Sunday, 31 January 2016

All about owls!

Horned owl
on nest in April, 2012
I did a Book Review: Owls of the U.S. and Canada –previously. There is so much to learn! It wasn't a good resource book, though.

I have a few owl photos of my own, simply a matter of chance and happenstance, for the most part, other than the Snowy owls. (There are some known spots)

I haven't managed to find any owls in 2016, but the year is young. I'm not getting any younger, though! I have avoided the ones, in south Ottawa, where everyone goes. It's just not right, tramping on the fields!
We had a Great horned owl build a nest across the highway in a previous year. I spotted a Barred owl by the frogpond, when on a walk with Daisy, and we had a Saw-whet owl on our front porch (the Sharp-shinned hawk killed it), and a Barred owl was killed by a car. I brought it home, to take photos. [A poor wee feathered body by the side of the road]

Barred owl
Serendipity... looking for Mike Muskrat
I found a barred owl!

Saw-whet
I spotted this information on the Facebook owl group. I asked Jeff if I might use his photo, as I have a hard time remembering the sex of Snowy owls. It is easy to figure it out, if you can remember it! I said I would give a donation to The Owl Foundation, where he volunteers in exchange for using his photo. He kindly said I need not make a donation, but I believe in being fair.



Now, hubby and I have driven miles and miles this year looking for Snowy owls, but in vain. Hopefully, we will see one. There are a couple of places where you are assured to spot them, but that would be easy! The horrible unethical photographers are baiting the owls [like this story], which results in them becoming inured to humans, as well as posing other problems, and that is bad.
Jeff Jones‎, who volunteers at The Owl Foundation...
Winter...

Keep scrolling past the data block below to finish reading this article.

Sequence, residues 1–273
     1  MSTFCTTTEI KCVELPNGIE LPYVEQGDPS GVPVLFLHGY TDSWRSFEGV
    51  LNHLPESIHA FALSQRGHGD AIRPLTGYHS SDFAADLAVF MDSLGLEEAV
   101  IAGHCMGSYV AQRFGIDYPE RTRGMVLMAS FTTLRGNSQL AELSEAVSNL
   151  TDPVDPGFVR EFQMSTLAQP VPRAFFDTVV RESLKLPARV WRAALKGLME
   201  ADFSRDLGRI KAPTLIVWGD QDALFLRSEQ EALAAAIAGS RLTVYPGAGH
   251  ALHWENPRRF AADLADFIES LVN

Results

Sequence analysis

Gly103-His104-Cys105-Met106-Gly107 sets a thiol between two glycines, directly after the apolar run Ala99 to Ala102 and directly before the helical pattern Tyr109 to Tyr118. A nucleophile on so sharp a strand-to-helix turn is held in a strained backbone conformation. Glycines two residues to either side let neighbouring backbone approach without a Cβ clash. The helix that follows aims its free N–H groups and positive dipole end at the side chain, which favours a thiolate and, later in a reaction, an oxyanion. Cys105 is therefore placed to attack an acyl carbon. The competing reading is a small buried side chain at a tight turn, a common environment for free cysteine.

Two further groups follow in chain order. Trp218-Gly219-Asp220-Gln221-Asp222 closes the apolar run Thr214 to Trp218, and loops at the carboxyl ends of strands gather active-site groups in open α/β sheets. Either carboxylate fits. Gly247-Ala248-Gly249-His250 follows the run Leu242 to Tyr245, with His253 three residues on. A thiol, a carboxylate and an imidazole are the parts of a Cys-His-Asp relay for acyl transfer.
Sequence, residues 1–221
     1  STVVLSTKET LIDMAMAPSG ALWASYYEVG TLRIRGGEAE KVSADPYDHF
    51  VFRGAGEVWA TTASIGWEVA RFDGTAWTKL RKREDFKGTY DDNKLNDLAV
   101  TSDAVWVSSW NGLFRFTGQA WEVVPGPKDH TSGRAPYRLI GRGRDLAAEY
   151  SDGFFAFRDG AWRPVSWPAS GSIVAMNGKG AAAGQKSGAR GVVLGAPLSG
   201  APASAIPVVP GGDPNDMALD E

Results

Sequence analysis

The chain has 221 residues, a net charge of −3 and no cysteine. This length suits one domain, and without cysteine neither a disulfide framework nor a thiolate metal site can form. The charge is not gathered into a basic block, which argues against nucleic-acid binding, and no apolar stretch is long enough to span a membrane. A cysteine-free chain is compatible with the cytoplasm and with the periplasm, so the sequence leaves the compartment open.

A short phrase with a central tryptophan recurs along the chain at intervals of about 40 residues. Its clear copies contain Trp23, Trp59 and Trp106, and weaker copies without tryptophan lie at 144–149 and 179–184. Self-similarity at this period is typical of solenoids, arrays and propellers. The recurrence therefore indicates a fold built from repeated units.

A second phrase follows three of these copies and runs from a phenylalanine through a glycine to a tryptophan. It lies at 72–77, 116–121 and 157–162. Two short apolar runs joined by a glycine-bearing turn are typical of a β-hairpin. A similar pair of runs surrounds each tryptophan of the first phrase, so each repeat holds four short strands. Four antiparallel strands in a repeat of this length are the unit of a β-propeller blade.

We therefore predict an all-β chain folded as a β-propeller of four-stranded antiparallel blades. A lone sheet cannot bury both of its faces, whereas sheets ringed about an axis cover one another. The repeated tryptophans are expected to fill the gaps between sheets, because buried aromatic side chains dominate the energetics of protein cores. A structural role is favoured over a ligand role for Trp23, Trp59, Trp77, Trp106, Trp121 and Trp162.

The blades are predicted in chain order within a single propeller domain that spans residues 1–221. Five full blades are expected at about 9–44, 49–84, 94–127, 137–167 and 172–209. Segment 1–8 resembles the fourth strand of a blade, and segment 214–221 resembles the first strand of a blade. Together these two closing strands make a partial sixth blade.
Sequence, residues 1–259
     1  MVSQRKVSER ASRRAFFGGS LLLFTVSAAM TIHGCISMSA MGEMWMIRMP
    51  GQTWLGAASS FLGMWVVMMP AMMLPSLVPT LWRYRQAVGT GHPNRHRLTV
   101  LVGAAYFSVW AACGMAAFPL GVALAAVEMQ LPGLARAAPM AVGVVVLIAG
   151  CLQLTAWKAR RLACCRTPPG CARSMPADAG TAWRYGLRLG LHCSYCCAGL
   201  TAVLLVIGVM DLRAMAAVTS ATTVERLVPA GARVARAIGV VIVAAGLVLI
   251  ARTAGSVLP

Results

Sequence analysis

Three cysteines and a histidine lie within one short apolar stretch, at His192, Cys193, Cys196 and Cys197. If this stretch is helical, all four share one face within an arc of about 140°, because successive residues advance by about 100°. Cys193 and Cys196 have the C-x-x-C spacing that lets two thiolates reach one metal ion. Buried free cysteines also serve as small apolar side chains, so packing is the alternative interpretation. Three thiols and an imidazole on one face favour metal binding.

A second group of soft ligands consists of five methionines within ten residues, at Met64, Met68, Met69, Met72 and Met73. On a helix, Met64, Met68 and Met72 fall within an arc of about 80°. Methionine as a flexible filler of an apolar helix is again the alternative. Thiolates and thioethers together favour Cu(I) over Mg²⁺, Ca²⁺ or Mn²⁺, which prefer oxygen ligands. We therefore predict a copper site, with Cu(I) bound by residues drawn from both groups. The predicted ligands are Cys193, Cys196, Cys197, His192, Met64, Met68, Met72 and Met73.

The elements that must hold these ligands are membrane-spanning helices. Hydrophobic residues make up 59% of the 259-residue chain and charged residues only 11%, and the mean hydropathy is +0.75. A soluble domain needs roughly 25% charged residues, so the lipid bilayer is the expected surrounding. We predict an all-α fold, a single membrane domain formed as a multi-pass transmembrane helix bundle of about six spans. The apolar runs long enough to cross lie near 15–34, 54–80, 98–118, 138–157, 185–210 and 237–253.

Snowy owls
The difference in size between a male and female snowy owl is quite large. In this photo we have both a male and female hatch year snowy owl. Notice how much smaller the male (left) is than the female (right) Also notice the bars in the plumage. Both male and female snowy owls are born with bars, with the males bars slowly diminishing with each molt until he is all white, or very close to it. The males chest is much more white as well as his cap, which is a good indication to the probable sex of the owl if you are viewing it in the field. You can also notice how dense the female's bars are in comparison to the males. 
 The female was actually put in this long flight training cage to help the males recovery speed up. With her in there as well we are hoping he will want to try flying to build up some muscle quicker to show off so to speak. With luck I should be driving the male up to Sault St. Marie for release in a couple weeks.

8 comments:

Cloudia said...

Very cool post!

eileeninmd said...

Great post, I love all the owls. Happy Sunday, enjoy your new week ahead!

William Kendall said...

They're such beautiful birds, with such a rich variety of them out there. Perfectly evolved, too.

Red said...

Yes, the unethicals are here too. they don't care about other photographers. they don't mind getting in the way and if they scare the bird away tough luck.

Powell River Books said...

We hear owls once in a while, but they are so far back in the bush there's no way to find where they roost. - Margy

Gunilla Bäck said...

Owls are gorgeous birds!

Yamini MacLean said...

Hari OM
loved the comparison of cameras last post and of course owls are ever lovable!!! ... I do tend to think that wild-life photography has become the 'big-game hunting' of the new millennium and despite most folk being quite attentive and ecology-minded, there are those idiots who will do anything for 'that money shot'.... YAM xx

Cynthia said...

I have a thIng about owls. You are lucky to see so many. We have great horned owls calling over our house at night sometimes and it's quite a treat to listen to them.